Defense and civil rights attorneys urged lawmakers Thursday to pass legislation providing juveniles an unwaivable right to counsel before being interrogated by law enforcement, saying youngsters do not fully comprehend their right to remain silent and are susceptible to giving false confessions.
But the Maryland State’s Attorneys’ Association said the measure could stymie criminal investigations, as defense counsel would certainly advise their youthful clients in all instances to remain silent. The association urged the Senate Judicial Proceedings Committee to amend the bill to require interrogations of youngsters to be recorded to ensure they know their rights and are not being coerced.
The proposed Juvenile Interrogation Protection Act, Senate Bill 53, would also require that law enforcement officers take all reasonable steps to notify the minor’s parents or legal guardian before beginning questioning. The notice would have to include the child’s location, why the child was taken into custody for questioning and how the parent or guardian can make immediate in-person contact with the child.
Assistant Maryland Public Defender Jenny Egan hailed the proposed right to counsel legislation for its recognition that children are “not mini-adults” with a glib understanding of their constitutional rights and awareness of the “dangers and risks of custodial interrogation” by police.
“Adolescents are fundamentally different than adults,” Egan told the Senate committee. “It (the bill) is about making sure kids understand what their rights are before they give them up.”
Justin Nalley, of the ACLU of Maryland, said the bill’s unwaivable right to counsel provision is in keeping with Maryland laws setting minimum ages for the purchase of alcohol and tobacco.
“We protect children from themselves all the time,” Nalley said. “This legislation is simply an extension of that practice.”
He urged committee members to recall their own childhoods and their children as they assess the need for legislation guaranteeing counsel for youngsters and requiring effort to notify guardians.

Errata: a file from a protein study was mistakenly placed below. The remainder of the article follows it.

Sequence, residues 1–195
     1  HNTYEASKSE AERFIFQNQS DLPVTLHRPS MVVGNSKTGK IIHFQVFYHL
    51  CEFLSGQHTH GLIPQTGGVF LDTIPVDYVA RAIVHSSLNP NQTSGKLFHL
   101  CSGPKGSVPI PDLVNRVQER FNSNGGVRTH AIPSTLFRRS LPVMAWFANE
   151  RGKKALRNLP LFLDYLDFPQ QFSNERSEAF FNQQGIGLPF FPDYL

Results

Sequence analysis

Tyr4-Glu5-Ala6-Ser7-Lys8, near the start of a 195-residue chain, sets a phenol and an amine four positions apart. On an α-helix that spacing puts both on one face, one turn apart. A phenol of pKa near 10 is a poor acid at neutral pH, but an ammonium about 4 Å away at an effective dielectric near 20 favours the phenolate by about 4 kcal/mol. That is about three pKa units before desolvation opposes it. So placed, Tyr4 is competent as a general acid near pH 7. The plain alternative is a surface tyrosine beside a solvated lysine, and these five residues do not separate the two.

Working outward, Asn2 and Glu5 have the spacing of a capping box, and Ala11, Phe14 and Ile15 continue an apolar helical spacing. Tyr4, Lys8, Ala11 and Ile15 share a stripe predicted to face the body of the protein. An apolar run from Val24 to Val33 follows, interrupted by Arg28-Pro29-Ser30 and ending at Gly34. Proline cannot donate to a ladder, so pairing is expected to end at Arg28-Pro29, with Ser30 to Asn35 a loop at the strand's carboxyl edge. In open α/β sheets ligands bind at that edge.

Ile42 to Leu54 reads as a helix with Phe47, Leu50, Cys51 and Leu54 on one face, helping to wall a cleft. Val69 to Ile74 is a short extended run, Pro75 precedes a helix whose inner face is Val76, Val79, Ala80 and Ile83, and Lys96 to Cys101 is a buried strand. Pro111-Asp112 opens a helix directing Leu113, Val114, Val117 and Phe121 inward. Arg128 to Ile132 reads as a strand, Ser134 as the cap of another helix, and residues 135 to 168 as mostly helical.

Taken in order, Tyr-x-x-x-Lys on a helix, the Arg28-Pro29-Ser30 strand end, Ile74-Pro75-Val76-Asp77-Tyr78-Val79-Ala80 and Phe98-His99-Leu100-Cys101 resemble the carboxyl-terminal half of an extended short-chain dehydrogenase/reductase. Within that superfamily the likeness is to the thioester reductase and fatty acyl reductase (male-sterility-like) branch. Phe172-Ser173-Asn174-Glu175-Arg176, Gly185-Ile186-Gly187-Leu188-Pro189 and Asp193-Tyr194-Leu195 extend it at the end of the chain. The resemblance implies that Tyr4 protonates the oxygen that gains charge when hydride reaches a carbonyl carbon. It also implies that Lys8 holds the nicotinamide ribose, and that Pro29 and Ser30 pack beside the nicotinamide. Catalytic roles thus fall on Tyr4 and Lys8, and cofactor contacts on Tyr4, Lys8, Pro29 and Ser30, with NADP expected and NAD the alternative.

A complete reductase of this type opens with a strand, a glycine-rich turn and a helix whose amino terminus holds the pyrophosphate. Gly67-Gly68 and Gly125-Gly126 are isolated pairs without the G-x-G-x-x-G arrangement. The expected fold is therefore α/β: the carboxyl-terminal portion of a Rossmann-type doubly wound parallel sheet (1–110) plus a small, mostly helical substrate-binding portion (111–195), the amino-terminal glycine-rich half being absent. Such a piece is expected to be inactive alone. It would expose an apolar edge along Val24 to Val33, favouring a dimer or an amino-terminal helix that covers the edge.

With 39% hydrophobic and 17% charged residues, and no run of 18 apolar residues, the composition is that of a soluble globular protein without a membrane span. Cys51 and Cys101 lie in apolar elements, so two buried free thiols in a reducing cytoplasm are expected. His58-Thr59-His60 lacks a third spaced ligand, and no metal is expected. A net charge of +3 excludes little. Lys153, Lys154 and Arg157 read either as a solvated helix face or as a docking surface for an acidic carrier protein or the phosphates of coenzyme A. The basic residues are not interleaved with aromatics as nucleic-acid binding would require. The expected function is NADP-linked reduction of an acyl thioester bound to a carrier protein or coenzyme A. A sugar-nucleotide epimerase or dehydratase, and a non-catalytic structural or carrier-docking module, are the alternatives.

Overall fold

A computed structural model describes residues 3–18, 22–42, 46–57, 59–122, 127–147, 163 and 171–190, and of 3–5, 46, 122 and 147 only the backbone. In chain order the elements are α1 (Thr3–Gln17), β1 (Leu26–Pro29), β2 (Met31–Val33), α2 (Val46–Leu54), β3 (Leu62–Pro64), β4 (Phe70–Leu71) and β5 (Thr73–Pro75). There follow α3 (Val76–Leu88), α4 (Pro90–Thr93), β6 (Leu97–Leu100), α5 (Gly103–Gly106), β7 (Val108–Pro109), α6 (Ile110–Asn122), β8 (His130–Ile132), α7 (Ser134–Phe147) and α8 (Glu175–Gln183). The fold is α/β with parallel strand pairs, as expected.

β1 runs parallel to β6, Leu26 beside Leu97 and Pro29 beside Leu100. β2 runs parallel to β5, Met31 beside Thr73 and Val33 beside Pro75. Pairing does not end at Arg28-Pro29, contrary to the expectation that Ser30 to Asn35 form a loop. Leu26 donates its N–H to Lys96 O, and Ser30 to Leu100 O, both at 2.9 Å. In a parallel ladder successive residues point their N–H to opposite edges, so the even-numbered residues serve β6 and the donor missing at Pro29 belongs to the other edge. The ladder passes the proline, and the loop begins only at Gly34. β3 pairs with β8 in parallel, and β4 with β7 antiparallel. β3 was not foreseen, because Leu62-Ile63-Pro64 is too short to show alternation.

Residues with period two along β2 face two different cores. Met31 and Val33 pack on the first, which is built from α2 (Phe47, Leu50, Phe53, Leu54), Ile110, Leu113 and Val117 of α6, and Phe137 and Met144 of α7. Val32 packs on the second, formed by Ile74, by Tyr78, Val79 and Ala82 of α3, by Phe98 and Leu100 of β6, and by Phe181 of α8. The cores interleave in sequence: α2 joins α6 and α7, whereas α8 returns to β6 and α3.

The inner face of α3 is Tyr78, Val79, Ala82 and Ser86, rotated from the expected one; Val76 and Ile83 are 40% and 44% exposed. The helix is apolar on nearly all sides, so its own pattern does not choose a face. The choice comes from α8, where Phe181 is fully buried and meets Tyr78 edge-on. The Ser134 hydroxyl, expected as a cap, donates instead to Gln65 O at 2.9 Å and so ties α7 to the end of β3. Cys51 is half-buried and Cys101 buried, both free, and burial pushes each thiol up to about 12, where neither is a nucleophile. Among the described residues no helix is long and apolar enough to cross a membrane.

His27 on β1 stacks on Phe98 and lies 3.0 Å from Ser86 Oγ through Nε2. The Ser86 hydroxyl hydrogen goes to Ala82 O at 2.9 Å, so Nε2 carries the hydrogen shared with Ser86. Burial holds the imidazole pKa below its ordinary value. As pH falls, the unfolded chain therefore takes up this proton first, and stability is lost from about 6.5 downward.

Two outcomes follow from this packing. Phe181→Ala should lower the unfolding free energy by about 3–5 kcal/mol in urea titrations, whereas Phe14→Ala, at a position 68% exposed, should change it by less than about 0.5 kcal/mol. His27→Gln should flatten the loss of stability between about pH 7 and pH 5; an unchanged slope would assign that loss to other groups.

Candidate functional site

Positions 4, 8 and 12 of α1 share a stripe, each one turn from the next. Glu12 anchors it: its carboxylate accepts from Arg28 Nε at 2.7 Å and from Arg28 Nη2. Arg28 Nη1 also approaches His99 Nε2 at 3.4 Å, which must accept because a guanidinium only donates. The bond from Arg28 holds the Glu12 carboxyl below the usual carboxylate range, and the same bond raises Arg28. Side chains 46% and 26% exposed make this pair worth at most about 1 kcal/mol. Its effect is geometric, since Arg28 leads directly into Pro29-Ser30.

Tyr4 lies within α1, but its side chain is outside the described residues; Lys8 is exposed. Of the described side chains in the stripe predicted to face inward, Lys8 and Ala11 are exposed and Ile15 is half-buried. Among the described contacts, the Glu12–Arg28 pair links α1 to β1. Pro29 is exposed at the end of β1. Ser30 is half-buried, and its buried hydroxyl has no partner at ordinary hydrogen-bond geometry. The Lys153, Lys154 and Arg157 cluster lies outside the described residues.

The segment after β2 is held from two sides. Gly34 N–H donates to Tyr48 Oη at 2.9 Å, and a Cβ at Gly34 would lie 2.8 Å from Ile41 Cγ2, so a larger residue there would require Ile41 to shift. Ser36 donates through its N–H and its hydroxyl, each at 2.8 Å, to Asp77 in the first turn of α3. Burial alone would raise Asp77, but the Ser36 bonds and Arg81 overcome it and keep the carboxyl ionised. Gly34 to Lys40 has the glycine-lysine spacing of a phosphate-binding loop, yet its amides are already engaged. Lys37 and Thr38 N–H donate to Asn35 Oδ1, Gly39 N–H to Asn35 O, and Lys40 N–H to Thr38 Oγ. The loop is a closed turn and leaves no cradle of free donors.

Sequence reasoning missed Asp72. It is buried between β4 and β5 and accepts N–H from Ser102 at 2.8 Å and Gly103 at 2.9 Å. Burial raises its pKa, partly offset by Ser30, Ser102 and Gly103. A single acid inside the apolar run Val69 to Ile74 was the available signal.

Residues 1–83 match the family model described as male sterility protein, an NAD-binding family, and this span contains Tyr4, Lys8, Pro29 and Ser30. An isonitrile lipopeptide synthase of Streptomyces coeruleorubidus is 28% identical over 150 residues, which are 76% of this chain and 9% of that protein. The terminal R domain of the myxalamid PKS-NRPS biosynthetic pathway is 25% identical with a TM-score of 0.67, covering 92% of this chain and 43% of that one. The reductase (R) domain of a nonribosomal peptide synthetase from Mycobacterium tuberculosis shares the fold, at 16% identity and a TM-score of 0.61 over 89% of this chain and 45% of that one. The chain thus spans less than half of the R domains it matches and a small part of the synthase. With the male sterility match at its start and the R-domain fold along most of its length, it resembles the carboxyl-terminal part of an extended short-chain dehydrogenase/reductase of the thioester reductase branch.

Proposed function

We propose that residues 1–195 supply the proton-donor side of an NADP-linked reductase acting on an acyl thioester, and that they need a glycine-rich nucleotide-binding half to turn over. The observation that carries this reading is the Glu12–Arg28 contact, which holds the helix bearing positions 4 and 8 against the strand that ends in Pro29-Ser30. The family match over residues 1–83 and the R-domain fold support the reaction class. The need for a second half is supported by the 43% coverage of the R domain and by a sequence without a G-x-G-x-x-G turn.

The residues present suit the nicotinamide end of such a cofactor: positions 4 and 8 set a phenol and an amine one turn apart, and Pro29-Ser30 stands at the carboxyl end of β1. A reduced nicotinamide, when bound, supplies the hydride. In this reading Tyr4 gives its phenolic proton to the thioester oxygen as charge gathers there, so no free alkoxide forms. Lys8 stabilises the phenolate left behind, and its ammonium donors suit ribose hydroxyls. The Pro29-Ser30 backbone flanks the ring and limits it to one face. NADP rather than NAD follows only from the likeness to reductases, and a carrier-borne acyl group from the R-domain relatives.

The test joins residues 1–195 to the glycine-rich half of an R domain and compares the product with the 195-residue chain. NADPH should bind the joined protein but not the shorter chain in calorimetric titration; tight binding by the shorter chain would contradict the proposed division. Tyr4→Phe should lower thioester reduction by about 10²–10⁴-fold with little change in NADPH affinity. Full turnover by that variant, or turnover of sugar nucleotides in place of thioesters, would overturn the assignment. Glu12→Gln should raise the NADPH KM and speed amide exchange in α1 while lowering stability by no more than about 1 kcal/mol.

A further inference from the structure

“Look through it through the eyes of a child, but also look through it through the eyes of a parent,” Nalley said.
Philip T. Caroom, of the Maryland Alliance for Justice Reform, said the bill would “clarify what the rules should be” to ensure the rights of youngsters are protected when being interrogated by police.
Caroom, a former Anne Arundel County Circuit Court judge, added that the legislation should go further and include a provision barring police from using “deliberate deception” when interrogating youngsters, saying children lack the skepticism of adults under questioning and are more likely to be tricked into giving false confessions.
But Carroll County State’s Attorney Allan Culver said the legislation’s prohibition on juveniles waiving their right to counsel and requirement that parents and guardians be notified would place “unnecessary logistical hurdles” in the way of effective and constitutionally sound law enforcement.
Culver, speaking on the behalf of the state’s attorneys’ association, said concerns about police coercion of youngsters could be alleviated by legislation requiring that the officers’ notification of the child’s rights to remain silent and to counsel, as well as any subsequent interrogation, be recorded.
But Sen. Jill P. Carter, chief sponsor of SB 53, called the legislation a “no-brainer” in protecting the constitutional rights of youngsters.
“All this bill does is ensure that children will have a consultation with an attorney,” said Carter, D-Baltimore city and a member of the Senate panel.
SB 53 has been cross-filed in the House of Delegates. Del. J. Sandy Bartlett, D-Anne Arundel, is chief sponsor of House Bill 269.